By the age of 25, Utrillo had begun experimenting with more complex motifs. Once again, the influence of Impressionism - particularly Monet's cathedrals - is revealed in his work. In 1895, Monet's Rouen Cathedral series had been displayed at the gallery of Paul Durand-Ruel in Paris and he is very likely to have seen it.
In this unfinished work, Utrillo only vaguely describes the elaborate architectural sculpture on the facade of Paris's famous landmark - from statues of saints and royalty to the scenes represented in the half circles over each portal - that is such a recognizable feature of the front of the famous cathedral. Instead, he obscures most details, preferring instead to describe the effects of light in keeping with the most fundamental goal of Impressionism. The only spot of warmth in the picture aside from the slightly yellow masonry not cast in blue shadow, are the brown-orange doors of the famous cathedral, particularly those of the middle portal, which creates a sense of balance and symmetry or, rather, reaffirms the overt symmetry of the structure.
With this work, Utrillo also makes a break with Impressionism in a major way: whereas Impressionist works, while somewhat obscuring of details, still provided the viewer with a sense of depth, of three-dimensionality. In contrast, Utrillo's cathedral facade reads as nearly flat and made up of solid forms connected to one another by trails of color, not unlike the way Cézanne constructed landscapes using roughly geometric forms fit together on the picture plane.
This painting features a view of a deserted Place du Tertre, a usually lively public square at the top of the hill of Montmartre. According to the Tate Museum, Utrillo probably did not stand in the square and compose this painting, although you are likely to see artists doing that very thing if you visit the Place du Tertre either today or 100 years ago. Instead, it is likely that this composition was based on a picture of the square Utrillo saw on a postcard, although, admits the Tate "none has so far been traced that shows exactly the same view." It is known, however, that the artist based many compositions on postcard images, particularly as he grew older and less inclined to go out in public. By 1909, Utrillo's alcoholism had begun to take a serious toll on his health. Combined with serious depression, the ill effects forced him into a sanitorium frequently. When not hospitalized, he was often watched over by a family member either in his studio or in a hotel room. Either way, he was not capable of going out and drawing or painting.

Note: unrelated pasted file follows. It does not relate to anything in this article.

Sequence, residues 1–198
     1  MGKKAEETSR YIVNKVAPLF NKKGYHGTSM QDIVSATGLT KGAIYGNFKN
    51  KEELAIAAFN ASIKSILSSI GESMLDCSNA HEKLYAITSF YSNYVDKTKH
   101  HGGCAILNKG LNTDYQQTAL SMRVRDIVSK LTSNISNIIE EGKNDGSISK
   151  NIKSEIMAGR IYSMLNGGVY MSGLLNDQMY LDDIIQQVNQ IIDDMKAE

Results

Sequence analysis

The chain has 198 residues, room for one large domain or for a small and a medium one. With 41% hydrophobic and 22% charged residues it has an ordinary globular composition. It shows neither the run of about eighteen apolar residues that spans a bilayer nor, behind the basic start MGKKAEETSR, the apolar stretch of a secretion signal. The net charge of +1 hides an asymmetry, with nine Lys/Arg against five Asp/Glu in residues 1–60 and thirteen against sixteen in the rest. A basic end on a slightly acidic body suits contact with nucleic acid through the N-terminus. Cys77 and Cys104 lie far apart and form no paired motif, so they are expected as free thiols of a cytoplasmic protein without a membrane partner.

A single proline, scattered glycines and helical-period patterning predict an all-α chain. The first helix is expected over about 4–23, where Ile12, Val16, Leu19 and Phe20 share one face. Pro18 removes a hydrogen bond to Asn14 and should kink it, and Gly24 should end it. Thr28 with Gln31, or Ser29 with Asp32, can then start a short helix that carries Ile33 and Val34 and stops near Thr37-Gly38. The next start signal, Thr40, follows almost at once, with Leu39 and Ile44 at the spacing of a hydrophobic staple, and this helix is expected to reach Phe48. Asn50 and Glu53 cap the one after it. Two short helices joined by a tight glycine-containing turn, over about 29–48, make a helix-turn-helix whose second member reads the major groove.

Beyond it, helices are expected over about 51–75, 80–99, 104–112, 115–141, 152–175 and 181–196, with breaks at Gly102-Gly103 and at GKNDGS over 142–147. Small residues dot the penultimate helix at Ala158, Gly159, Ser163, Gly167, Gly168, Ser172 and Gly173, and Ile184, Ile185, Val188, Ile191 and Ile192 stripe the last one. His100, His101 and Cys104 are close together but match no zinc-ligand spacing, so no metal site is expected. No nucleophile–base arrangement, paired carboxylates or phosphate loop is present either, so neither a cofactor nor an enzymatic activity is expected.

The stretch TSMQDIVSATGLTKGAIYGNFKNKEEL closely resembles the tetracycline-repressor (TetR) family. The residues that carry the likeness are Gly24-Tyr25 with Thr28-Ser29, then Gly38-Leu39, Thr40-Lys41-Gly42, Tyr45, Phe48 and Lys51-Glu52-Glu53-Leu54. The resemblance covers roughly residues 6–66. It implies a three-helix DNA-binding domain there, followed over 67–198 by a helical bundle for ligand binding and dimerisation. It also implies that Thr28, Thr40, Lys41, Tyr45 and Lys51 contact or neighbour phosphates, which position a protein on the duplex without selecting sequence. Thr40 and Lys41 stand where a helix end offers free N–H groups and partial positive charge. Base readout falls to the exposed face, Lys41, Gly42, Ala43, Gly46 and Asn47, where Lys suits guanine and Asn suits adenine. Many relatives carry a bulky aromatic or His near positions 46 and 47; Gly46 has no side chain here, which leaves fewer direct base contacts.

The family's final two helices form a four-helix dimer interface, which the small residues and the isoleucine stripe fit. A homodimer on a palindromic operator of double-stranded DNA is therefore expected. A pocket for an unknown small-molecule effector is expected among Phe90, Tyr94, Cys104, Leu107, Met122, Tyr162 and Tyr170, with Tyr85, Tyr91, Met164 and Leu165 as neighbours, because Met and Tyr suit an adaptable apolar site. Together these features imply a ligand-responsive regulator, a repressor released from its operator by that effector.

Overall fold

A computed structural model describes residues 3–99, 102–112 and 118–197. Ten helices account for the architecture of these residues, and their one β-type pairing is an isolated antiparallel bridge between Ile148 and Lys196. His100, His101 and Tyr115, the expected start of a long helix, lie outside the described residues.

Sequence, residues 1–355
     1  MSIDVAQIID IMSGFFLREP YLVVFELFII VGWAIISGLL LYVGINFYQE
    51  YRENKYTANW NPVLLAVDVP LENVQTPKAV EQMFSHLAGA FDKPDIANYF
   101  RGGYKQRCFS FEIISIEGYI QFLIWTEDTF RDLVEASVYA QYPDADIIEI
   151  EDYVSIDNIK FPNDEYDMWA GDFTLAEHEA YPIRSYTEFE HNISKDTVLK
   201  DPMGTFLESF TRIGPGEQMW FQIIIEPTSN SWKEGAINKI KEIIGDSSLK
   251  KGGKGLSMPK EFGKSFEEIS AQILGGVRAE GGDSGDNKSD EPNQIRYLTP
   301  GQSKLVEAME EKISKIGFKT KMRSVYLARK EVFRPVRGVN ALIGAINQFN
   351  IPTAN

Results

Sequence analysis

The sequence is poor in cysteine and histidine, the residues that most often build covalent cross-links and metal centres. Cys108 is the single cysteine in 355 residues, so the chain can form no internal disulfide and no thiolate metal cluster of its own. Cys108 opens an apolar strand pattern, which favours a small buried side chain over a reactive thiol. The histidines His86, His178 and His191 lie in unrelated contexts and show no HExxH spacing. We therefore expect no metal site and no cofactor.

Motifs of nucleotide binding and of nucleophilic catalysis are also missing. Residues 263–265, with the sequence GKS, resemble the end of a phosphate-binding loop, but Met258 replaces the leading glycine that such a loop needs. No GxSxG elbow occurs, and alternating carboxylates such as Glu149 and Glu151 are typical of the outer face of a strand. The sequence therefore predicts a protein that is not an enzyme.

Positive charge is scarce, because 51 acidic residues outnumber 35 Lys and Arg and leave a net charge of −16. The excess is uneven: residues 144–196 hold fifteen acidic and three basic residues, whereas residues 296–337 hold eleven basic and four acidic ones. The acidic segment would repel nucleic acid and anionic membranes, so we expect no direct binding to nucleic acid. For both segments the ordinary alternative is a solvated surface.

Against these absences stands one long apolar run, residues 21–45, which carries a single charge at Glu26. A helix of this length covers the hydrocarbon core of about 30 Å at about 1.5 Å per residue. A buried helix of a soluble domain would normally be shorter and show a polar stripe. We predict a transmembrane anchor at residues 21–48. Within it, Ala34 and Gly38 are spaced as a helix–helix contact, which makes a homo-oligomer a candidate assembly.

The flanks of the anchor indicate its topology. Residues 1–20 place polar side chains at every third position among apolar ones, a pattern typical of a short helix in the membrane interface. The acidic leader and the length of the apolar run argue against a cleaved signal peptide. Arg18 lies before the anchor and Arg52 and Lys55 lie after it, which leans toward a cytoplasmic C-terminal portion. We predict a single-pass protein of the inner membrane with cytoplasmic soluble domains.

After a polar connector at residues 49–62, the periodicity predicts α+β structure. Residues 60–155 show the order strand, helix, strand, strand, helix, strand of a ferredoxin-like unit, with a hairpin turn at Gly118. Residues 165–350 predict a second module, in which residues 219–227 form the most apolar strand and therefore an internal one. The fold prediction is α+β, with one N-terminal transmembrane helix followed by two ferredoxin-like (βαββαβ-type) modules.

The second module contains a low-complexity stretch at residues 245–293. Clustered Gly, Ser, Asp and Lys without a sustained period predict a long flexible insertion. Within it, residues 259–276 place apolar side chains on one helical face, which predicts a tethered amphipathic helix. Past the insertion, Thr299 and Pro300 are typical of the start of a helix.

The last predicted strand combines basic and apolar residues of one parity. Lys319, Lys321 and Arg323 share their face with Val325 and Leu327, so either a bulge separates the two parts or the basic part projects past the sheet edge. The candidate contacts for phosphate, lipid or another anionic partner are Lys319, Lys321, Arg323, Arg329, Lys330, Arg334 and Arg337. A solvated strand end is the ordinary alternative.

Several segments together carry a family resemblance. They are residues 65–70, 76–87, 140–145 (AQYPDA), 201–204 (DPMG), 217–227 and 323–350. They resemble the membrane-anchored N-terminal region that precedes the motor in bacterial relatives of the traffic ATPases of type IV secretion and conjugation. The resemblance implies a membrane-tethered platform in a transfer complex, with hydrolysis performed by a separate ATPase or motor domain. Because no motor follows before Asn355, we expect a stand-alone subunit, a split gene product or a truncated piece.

That began the practice of Utrillo working from postcards rather than on site. His mother and stepfather, Valadon's second husband, would bring the artist postcards so that he could continue painting, which provided a welcome distraction from his agony. Indeed, a painting Utrillo produced nearly twenty years after he painted this one is similar to the extent that both must surely have been based on the same mysterious original image. According to the Tate Museum, "Certain minor differences suggest that Utrillo made a few compositional adjustments in painting the present work, for example by widening the low building second from left, so that it almost blocks off the side street, but in the later version followed his model more literally."
This picture features bright colors muted only by the winter light, not unlike those seen in the earlier work from Montmagny. Further and quite symbolically, these are the colors of a slightly worn, lustreless, cold, and seedy Montmartre, the site of, basically, of the artist's ongoing deterioration. The image is not without cheer, but it is quite subdued.
Evidently, this and several other of Utrillo's works were signed by his mother, Suzanne Valadon, rather than the artist himself. This was because his major patron, the collector Louis Labaude, disliked having Utrillo's haphazard signature on the paintings he acquired and insisted Valadon sign them instead.